small, Mormon community in Southern Idaho, in addition to his research into the life of
Amos Wright. This collection has value, not just for the literary works, but also for
how it documents life and relations in southern Idaho.
Use of the Collection
Restrictions on Access : Restrictions
Open to public research.
Restrictions on Use : Copyright
It is the responsibility of the user to obtain permission to publish from the owner of
the copyright (the institution, the creator of the record, the author or his/her
transferees, heirs, legates, or literary executors). The user agrees to indemnify and
hold harmless the Utah State University Libraries, its officers, employees, and agents
from and against all claims made by any person asserting that he or she is an owner of
David Lane Wright addendum, 1940-1967 (COLL MSS 39). Utah State University. Special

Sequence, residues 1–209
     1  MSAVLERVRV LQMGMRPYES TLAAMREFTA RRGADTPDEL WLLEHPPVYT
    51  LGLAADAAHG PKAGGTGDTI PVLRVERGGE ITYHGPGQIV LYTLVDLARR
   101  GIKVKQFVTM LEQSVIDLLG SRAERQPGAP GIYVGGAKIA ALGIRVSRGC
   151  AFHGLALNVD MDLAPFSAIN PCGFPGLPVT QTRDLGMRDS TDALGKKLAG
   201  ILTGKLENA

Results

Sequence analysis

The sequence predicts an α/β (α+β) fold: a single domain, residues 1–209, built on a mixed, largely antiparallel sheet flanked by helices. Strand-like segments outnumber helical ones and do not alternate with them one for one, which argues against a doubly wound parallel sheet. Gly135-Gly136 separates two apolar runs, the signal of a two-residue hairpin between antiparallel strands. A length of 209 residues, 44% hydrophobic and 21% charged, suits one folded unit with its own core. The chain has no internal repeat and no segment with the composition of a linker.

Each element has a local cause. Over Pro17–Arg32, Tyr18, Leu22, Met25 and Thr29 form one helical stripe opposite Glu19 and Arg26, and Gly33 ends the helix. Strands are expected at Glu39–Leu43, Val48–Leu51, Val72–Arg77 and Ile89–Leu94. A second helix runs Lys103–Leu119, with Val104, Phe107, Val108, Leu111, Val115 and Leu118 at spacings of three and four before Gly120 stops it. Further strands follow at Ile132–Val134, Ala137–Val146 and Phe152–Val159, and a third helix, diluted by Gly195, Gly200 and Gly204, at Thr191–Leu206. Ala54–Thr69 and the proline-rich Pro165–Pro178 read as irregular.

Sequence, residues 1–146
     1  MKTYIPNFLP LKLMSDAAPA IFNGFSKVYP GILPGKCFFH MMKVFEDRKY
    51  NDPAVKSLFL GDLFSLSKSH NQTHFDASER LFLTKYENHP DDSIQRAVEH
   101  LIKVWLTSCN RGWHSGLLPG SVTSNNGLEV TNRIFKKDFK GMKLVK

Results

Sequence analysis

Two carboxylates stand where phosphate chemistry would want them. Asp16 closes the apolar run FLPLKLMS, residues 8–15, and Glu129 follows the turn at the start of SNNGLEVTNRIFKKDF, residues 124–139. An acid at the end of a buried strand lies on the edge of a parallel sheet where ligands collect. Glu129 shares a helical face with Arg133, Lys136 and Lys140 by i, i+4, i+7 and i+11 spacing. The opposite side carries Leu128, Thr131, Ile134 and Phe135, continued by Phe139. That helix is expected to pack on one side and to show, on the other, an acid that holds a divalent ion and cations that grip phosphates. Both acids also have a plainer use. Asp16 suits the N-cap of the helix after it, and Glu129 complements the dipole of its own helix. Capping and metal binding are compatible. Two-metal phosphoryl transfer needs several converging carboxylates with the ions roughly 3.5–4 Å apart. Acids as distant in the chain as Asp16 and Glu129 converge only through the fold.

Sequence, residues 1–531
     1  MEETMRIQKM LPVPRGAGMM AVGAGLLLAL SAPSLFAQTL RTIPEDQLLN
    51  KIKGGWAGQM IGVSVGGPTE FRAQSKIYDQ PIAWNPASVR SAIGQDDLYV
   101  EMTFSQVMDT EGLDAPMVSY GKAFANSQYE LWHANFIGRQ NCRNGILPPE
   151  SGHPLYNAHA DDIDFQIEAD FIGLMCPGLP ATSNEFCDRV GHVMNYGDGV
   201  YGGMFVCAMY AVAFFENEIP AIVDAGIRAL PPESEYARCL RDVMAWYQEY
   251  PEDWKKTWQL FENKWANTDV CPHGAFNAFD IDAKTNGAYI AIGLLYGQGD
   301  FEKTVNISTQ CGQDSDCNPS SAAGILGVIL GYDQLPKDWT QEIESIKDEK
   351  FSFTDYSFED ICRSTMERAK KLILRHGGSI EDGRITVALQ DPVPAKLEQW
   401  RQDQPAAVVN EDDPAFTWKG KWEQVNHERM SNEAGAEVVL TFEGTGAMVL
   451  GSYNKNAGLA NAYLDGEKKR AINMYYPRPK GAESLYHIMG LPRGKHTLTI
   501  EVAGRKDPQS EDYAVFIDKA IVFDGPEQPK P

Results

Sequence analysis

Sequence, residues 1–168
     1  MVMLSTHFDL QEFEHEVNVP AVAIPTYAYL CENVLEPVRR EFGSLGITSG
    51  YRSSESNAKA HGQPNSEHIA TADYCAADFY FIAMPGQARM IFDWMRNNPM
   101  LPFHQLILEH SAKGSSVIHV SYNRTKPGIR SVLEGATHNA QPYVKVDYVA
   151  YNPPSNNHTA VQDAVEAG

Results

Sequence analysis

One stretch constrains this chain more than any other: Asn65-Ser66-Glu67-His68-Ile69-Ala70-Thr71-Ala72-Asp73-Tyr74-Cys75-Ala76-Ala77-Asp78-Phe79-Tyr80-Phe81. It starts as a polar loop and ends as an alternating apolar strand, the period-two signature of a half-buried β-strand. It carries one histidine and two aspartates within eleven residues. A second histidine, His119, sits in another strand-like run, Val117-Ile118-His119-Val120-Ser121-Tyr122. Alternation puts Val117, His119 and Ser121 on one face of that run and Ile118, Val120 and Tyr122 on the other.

Collections and Archives Department.
Organized into boxes devoted to his correspondence, his writing, his career in the Air
Force, and his journals.
Acquisition Information :
Much of the material in this addendum was presented to Utah State University in November
1976 by Mr. Wright's daughter, Charlotte Wright Piggot. In 2003, additional material was
presented to the University by Charlotte Wright, who had retained some of the papers for
her personal research. There are also publications of Mr. Wright's work and references
to these publications which were done posthumously by Ms. Wright.
Early Drafts and Short Stories Chronologically
(see also Mss Coll 2, box VII, Fds 7-15; box XI, Fds 1-21)
Early Drafts: "I Loved Too Young" "Her
Reminiscences" "The Time River" "A Tribute to Eve"
"Critical Papers,Drafts, 1952: "Character
Revelation in The Two Soldiers," "Pattern in Old Morality," "Life-Death Theme
in Death in Venice," "The Last of Jack Robe," "Gunsmoke," "Air Force Doctor!"